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Italeri's 1/72 scale
"Air North" Douglas DC-3

by Geoff McDonell

Douglas DC-3


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I don’t know why more folks don’t build civilian DC-3/C-47 models. There are sooo many colourful schemes and quite a few decal sheets available, yet I don’t see too many on the ‘net. I’ve always been a fan of civilian DC-3’s since much of my youthful ramblings around local airports allowed me to photograph many examples. Air North has always been one of my favorite “must-do” colour schemes and when Leading Edge Decals released their civilian DC-3 decal sheet with this scheme as part of the collection, I had to get to work.





I used the out of production Esci C-47 1/72 scale kit as my starting point, having a good cache of these in my stash. The model was built up pretty well straight out of the box, with a bit of additional detailing to properly represent the details associated with Air North’s “Lady Lou” DC-3. I was also lucky to have a good set of walk-around photos of “Lady Lou” courtesy of a friend who had some time to kill in Whitehorse, and shot a roll of film while he was at the airport there.


Modifications required were:

  • Revised exhaust outlets,

  • Antenna arrangements

  • Air scoops at rear lower fuselage area

  • Vent outlets along top of fuselage spine

I also added the brake lines and flattened the tires to add some realism.



Painting and Markings


Painting the model started with a coat of flat light grey to the topside of the fuselage, followed by a coat of Floquil Reefer White to create a nice uniform base for the yellow final paint. I used Floquil Reefer Yellow to start, applying three good solid coats of that, then gave it a light sanding with some 1500 grit sandpaper used wet. The final coat was Testor’s Model Master Chrome Yellow enamel thinned with about 30% lacquer thinner, with three good solid coats of that to get a nice gloss finish.


Once that was dry, I masked off the yellow areas, and applied a dark gloss green (Humbrol’s # Green thinned with lacquer thinner) to the vertical tail. The next step was to mask off the tail and apply the aluminum to the wings, tail and fuselage sides. I used Alclad II Aluminum for that, and then masked that all off and sprayed on some gloss light grey (XtraColour ADC Grey FS 16473) for the fuselage and wing bottoms. The final step was to mask off the leading edges of the horizontal stabilizers and wings so I could apply the flat black de-icer boots. (That was about three months of messing around with a variety of paint and masking issues all rolled up into a short paragraph!)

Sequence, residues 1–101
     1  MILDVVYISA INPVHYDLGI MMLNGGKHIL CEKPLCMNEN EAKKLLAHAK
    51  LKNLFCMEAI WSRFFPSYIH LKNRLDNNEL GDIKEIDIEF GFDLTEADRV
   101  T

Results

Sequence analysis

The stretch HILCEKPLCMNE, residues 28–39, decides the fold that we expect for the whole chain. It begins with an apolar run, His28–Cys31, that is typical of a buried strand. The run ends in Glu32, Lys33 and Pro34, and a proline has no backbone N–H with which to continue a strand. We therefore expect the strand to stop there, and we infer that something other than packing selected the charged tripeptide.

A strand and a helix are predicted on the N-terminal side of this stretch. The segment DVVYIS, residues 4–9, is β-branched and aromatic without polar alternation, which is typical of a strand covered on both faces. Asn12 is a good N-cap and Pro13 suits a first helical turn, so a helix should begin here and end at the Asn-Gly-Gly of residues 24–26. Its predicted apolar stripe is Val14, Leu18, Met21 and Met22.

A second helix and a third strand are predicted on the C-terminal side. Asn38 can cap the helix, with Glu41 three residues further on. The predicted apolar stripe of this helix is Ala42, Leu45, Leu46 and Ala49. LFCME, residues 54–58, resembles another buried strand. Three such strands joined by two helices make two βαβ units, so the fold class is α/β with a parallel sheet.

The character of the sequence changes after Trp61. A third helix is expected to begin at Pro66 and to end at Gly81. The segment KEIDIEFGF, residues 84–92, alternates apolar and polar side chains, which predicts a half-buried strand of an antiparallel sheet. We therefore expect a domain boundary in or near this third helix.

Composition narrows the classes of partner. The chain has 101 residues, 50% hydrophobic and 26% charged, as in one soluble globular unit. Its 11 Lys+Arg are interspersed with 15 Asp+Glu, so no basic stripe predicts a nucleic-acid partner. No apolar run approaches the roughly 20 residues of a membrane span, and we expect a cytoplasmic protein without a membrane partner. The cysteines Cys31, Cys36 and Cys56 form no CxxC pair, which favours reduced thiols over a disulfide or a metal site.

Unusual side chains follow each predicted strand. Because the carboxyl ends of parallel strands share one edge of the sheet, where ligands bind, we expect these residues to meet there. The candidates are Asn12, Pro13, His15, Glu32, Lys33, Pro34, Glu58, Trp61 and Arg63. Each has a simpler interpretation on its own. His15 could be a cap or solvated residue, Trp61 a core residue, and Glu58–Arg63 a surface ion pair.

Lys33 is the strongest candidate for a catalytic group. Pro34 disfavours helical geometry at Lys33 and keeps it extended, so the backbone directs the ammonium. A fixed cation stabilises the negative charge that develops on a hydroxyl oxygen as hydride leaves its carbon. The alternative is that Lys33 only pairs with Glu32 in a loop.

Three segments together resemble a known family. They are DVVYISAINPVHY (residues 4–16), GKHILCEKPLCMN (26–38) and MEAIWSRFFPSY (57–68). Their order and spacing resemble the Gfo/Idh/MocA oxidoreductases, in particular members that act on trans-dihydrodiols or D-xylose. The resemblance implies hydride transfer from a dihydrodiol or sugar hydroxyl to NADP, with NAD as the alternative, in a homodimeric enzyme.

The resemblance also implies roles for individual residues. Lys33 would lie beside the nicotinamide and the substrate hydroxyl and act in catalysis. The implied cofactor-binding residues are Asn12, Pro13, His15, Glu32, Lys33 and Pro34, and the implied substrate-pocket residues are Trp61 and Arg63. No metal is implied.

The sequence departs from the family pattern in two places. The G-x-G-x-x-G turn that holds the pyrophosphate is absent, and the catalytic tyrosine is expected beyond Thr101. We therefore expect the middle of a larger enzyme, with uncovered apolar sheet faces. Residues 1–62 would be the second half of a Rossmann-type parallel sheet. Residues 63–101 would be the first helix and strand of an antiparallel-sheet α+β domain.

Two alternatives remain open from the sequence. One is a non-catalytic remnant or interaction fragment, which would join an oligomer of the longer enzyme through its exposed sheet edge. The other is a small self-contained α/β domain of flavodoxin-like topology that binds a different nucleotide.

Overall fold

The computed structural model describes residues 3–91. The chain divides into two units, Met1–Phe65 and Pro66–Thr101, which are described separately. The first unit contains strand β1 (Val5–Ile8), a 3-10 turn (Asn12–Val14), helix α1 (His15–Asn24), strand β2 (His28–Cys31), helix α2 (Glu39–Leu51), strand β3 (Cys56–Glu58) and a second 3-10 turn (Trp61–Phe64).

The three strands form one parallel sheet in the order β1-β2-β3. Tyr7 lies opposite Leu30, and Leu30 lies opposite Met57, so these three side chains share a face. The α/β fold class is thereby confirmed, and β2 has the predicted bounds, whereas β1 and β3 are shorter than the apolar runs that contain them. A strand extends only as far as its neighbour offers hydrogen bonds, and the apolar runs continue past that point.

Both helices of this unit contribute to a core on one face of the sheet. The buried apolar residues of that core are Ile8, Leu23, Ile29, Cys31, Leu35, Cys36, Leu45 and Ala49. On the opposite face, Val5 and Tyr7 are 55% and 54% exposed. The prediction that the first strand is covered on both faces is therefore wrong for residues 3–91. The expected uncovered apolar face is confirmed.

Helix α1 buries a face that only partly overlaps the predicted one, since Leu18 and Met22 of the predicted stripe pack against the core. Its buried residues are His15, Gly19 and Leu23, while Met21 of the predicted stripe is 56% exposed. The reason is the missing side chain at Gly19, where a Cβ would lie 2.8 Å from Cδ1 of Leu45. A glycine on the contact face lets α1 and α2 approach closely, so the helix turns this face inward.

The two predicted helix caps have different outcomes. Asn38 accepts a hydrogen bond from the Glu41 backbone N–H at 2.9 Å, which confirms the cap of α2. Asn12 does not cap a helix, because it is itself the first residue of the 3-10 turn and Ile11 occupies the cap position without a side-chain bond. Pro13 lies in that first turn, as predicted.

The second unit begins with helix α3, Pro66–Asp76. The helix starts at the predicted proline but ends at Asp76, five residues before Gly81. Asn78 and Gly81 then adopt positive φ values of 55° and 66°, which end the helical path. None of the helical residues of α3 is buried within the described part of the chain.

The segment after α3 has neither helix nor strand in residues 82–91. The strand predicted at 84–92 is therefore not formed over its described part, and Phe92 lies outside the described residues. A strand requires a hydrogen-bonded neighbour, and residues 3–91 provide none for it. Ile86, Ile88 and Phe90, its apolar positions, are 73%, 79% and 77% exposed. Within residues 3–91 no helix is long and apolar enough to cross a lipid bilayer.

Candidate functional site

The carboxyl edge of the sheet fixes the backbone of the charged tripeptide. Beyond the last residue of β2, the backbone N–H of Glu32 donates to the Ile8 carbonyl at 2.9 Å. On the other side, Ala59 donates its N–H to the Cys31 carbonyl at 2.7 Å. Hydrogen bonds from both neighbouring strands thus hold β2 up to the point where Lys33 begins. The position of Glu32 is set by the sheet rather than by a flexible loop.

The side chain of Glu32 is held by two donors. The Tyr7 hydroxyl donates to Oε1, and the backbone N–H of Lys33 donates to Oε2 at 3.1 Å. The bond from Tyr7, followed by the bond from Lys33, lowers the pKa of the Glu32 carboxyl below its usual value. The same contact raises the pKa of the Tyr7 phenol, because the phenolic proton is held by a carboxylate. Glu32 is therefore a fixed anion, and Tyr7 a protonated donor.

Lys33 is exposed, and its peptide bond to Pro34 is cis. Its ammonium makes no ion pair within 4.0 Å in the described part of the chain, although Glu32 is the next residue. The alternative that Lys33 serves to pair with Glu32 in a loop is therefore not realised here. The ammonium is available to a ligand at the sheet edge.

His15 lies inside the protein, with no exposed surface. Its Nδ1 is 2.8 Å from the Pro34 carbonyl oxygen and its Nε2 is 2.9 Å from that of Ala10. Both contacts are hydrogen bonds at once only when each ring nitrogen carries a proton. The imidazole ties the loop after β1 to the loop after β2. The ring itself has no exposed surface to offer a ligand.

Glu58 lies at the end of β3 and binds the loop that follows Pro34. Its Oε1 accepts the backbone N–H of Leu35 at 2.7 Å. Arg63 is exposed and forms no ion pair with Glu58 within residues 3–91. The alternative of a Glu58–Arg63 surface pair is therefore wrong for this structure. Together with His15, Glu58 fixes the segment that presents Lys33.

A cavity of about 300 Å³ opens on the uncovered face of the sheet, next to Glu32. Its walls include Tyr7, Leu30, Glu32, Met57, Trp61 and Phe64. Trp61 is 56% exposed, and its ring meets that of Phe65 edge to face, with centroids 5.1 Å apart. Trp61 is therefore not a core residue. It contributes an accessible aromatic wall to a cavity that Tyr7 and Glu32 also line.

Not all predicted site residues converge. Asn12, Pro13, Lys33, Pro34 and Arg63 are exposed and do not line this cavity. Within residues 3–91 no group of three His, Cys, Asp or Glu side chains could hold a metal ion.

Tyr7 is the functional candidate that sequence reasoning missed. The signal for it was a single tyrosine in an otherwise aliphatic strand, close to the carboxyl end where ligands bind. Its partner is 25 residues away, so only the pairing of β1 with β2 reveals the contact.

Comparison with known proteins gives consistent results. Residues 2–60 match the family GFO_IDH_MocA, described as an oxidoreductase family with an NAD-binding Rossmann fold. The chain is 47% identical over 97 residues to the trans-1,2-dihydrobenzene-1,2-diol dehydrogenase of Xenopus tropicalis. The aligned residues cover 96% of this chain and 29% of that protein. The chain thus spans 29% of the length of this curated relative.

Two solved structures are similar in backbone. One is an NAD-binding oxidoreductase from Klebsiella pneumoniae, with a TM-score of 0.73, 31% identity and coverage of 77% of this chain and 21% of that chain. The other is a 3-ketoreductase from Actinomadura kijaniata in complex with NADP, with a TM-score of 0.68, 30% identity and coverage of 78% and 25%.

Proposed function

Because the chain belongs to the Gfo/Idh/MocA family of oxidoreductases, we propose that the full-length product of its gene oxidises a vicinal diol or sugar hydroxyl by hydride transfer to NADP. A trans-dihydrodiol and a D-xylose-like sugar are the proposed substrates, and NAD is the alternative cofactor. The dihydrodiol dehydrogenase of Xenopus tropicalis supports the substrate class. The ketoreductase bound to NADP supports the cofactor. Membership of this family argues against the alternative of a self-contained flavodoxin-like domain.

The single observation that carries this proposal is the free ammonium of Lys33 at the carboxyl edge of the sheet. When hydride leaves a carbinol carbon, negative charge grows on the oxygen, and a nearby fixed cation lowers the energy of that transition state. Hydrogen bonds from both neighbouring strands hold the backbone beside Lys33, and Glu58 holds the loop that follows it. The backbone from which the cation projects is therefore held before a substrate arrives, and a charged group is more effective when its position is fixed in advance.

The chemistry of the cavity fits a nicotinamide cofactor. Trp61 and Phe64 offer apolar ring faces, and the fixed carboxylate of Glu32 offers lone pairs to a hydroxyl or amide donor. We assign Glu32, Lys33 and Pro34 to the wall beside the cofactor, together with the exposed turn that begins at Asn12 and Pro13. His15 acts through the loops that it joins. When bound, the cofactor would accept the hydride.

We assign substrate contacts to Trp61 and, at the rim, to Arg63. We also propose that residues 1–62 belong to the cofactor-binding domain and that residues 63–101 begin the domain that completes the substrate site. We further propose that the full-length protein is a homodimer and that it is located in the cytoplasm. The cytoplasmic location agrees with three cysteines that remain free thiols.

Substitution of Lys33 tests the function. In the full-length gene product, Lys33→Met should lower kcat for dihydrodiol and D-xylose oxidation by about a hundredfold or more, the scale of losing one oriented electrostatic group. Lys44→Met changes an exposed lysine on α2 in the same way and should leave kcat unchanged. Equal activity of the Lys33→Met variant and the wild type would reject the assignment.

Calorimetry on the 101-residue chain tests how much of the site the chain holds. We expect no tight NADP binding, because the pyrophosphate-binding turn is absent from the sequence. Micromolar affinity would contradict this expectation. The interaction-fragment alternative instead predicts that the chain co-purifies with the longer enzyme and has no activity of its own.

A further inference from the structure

The propeller blades and hub dome were finished with Alclad II Chrome over gloss black acrylic paint, with the hub brush painted with some Humbrol’s Steel enamel. Tires were painted with a mix of Humbrol Coal Black semi-gloss that was mixed with a few drops of Humbrol’s Panzer Grey to get a rubber look.

I’d kept the fuselage windows masked with rectangles of Scotch Magic Transparent tape so as to create a good sharp edge to them. This would allow the green fuselage cheat line decal to be applied, and once dry, I could run my X-Acto knife tip along the edge of the tape masks to create a fairly clean “cut-out” from the decal. I found this set of Leading Edge Decals to be pretty accurate and they fit very well, however I noted that the “stiffness” of the carrier film created some frustrations fitting the decals around the compound curve of the nose area, and getting them to snuggle down into the recessed panel lines.


I applied some final weathering using some graphite powder around the engines, along with some pastel and water-colour washes around the various “grungy” areas of the many DC-3’s I’ve seen. I used a bit of dry-brushing on the fabric flying surfaces (ailerons, elevators and rudder) to create a subtle differential tone to them.

I’m now looking at the rest of the colourful DC-3’s on that Leading Edge decal sheet and planning a production line of Dakotas for next winter’s big modeling project.

Model, Images and Text Copyright © 2004 by Geoff McDonell
Page Created 07 October, 2004
Last Updated 07 October, 2004

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